Most of Frequentis’ customers have a strong focus on safety: keeping airplanes safe (in the air, during landing and on the ground), answering emergency calls and coordinating emergency forces in the field, ensuring safety of vessels and using reliable communication systems for safe railway operation.
Successful cyber attacks can disrupt such critical procedures. IT security threats have become a root cause for safety hazards.
There is no safety without security. At the same time, some established IT security best practises contradict safety requirements. For example, security best practices require the deployment of critical system updates as soon as they are available, and this can conflict with software-assurance regulations. In addition, further challenges are waiting along the way: strong passwords and the application of a password lockout policy doesn’t support quick access in case of an emergency; antivirus software might suddenly - after an update - stop execution of a critical process. Such conflicts put the responsible organisations into a difficult situation since safety depends on security and both need to be managed adequately as part of due care of infrastructure operation.
The problem of integrating safety and security requirements into one common solution is a general concern of operational technology (OT). Hence, besides the well-known best practises of IT security, in some respects different concepts and best practises for securing operational technology evolved. IT security focuses on protecting data, OT security is concerned with protecting operational processes.
System architecture supporting safety and security
In safety-critical environments Frequentis suggests the introduction of protection zones to apply the appropriate IT and OT security concepts to the correct places. Protection zones are defined as a collection of hardware, software and personnel with a common trust level.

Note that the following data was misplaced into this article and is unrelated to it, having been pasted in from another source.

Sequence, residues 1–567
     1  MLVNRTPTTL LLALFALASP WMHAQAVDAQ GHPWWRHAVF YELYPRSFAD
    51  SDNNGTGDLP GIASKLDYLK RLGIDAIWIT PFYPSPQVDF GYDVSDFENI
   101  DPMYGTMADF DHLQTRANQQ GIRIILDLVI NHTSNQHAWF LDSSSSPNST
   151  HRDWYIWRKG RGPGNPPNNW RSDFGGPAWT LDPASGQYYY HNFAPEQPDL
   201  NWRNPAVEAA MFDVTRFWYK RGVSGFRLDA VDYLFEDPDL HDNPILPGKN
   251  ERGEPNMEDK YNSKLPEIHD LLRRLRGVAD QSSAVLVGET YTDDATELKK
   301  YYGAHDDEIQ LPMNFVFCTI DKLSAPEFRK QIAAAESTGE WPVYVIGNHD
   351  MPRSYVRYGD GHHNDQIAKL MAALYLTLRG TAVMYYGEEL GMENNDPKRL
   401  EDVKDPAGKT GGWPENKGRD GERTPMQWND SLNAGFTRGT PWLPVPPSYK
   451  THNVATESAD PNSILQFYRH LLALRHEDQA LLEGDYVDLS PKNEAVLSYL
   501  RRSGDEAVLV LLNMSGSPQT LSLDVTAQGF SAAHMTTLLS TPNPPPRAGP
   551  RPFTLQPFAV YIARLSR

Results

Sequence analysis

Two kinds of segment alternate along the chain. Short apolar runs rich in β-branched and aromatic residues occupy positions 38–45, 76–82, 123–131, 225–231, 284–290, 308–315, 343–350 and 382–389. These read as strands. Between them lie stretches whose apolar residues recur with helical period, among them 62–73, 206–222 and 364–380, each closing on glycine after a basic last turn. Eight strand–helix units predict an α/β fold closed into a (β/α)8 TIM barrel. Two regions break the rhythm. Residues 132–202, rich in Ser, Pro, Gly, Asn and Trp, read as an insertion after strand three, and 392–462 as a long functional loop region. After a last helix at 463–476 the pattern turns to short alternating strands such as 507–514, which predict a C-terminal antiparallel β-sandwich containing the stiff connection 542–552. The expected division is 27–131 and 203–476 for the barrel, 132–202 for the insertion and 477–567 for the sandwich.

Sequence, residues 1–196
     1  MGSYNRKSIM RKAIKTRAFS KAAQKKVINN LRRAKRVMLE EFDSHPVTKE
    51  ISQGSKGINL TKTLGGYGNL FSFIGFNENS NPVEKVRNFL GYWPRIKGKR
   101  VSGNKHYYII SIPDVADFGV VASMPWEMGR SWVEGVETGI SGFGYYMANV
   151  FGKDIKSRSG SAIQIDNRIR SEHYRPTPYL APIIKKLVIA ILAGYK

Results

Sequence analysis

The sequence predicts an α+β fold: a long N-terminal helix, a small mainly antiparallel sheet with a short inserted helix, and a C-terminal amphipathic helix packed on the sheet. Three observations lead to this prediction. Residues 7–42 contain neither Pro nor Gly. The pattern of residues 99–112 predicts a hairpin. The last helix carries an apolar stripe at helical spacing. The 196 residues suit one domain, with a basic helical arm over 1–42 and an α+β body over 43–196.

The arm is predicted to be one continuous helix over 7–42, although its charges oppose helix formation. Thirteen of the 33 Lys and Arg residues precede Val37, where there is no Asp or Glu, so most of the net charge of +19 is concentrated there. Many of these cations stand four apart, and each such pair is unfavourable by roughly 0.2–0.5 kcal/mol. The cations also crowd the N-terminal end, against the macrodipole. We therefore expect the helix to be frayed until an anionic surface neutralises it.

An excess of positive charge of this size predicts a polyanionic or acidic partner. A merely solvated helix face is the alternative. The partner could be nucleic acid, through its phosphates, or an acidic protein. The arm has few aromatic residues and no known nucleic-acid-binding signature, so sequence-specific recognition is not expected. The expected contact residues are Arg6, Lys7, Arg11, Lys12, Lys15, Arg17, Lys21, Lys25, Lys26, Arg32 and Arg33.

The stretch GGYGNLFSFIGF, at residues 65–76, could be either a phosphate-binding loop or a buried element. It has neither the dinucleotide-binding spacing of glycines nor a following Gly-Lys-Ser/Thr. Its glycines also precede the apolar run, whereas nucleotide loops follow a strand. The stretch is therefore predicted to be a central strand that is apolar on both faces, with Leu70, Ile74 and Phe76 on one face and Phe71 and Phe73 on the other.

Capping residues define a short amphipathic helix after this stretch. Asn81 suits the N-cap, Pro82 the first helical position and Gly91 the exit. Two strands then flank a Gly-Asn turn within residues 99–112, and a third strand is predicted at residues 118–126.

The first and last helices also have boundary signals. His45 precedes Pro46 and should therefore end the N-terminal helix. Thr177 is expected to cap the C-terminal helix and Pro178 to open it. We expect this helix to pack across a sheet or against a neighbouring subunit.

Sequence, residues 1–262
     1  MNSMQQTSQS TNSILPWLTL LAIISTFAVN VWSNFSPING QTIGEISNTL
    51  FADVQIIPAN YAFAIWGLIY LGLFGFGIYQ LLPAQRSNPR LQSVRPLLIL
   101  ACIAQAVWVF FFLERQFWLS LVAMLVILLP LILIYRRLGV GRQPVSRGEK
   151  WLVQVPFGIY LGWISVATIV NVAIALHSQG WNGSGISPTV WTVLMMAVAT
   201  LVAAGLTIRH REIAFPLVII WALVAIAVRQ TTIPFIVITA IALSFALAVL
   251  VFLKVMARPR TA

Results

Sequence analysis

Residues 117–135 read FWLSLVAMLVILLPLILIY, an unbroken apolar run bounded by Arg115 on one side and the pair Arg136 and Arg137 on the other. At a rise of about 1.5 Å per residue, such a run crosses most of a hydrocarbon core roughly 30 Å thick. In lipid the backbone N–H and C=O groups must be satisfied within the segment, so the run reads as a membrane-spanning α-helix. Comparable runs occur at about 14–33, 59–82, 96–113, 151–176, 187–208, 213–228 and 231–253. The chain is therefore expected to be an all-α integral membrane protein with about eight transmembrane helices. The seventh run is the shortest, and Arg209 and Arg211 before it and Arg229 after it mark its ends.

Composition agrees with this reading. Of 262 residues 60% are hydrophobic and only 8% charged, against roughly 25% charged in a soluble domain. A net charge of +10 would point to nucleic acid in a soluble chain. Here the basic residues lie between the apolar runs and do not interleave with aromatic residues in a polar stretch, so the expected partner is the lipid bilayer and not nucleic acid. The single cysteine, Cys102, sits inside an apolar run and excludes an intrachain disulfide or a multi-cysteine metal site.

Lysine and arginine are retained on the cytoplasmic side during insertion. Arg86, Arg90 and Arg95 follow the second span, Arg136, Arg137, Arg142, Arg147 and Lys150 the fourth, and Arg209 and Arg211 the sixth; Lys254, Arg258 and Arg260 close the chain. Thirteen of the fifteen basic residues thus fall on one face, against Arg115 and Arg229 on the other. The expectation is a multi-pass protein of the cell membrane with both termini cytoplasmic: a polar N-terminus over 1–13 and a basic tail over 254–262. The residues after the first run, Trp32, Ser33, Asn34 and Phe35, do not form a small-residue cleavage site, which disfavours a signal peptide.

Frequentis systems usually comprise three different protection zones with adequate isolation between them: The internal zone with no direct connections to other systems, the shared zone with connections to other “trusted” networks, and the public zone with connections to a non-trusted environment (e.g. public network). When the Frequentis subsystem is integrated into the overall system on site, it is - on one hand - important to respect the protection zones and - on the other hand - to care for the overall system security. A subsystem’s security is depending on the overall system security.
To integrate safety with security, different operational practises can then be applied specifically for each protection zone to focus on safety (internal zone) or on high connectivity (public zone). Examples are: Frequent patching in the public zone versus safety assured software revisions in the internal zone; strict account lockout policy in the public zone (fail secure) versus access monitoring without automatic lockout in the internal zone (fail safe).
This architecture allows balancing of safety and security in an adequate and specific way based on a risk-based approach (in contrast to a purely compliance-based approach).